Metaharmonic wavelets are introduced for constructing the solution of theHelmholtz equation (reduced wave equation) corresponding to Dirichlet's orNeumann's boundary values on a closed surface approach leading to exactreconstruction formulas is considered in more detail. A scale discrete version ofmultiresolution is described for potential functions metaharmonic outside theclosed surface and satisfying the radiation condition at infinity. Moreover, wediscuss fully discrete wavelet representations of band-limited metaharmonicpotentials. Finally, a decomposition and reconstruction (pyramid) scheme foreconomical numerical implementation is presented for Runge-Walsh waveletapproximation.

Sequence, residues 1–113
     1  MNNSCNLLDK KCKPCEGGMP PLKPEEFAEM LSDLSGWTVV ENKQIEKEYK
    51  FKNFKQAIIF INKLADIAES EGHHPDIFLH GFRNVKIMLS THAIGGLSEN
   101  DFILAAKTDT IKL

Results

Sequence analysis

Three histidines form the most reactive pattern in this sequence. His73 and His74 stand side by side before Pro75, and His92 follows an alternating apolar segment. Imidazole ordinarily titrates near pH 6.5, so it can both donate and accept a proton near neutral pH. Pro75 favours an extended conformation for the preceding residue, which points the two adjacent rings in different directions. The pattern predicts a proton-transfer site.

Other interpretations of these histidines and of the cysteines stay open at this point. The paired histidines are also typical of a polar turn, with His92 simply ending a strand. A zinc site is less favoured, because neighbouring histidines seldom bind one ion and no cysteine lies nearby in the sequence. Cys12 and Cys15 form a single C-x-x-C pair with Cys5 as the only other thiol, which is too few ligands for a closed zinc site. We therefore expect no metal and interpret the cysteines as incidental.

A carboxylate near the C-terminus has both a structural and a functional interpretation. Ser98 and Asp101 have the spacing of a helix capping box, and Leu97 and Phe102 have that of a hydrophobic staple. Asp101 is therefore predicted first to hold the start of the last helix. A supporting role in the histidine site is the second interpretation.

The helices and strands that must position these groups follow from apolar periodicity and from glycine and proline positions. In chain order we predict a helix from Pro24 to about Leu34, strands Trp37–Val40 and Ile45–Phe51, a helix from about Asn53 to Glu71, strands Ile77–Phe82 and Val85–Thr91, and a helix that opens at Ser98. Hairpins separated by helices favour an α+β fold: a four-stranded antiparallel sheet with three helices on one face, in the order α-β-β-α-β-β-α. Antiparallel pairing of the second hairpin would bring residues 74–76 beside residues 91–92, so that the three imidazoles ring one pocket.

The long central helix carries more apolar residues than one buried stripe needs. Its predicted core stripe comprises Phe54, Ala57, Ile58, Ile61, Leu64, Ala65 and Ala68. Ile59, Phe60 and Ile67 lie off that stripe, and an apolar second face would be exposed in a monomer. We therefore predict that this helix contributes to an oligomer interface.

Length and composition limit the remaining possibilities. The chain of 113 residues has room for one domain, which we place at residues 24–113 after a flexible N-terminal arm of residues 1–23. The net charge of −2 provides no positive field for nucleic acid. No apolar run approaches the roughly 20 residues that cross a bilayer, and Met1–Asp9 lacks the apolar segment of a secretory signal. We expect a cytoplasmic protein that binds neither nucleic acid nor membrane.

Satellite gradiometry and its instrumentation is an ultra-sensitive detection technique of the space gravitational gradient (i.e. the Hesse tensor of the gravitational potential). Gradeometry will be of great significance in inertial navigation, gravity survey, geodynamics and earthquake prediction research. In this paper, satellite gradiometry formulated as an inverse problem of satellite geodesy is discussed from two mathematical aspects: Firstly, satellite gradiometry is considered as a continuous problem of harmonic downward continuation. The space-borne gravity gradients are assumed to be known continuously over the satellite (orbit) surface. Our purpose is to specify sufficient conditions under which uniqueness and existence can be guaranteed. It is shown that, in a spherical context, uniqueness results are obtainable by decomposition of the Hesse matrix in terms of tensor spherical harmonics. In particular, the gravitational potential is proved to be uniquely determined if second order radial derivatives are prescribed at satellite height. This information leads us to a reformulation of satellite gradiometry as a (Fredholm) pseudodifferential equation of first kind. Secondly, for a numerical realization, we assume the gravitational gradients to be known for a finite number of discrete points. The discrete problem is dealt with classical regularization methods, based on filtering techniques by means of spherical wavelets. A spherical singular integral-like approach to regularization methods is established, regularization wavelets are developed which allow the regularization in form of a multiresolution analysis. Moreover, a combined spherical harmonic and spherical regularization wavelet solution is derived as an appropriate tool in future (global and local) high-presision resolution of the earth" s gravitational potential.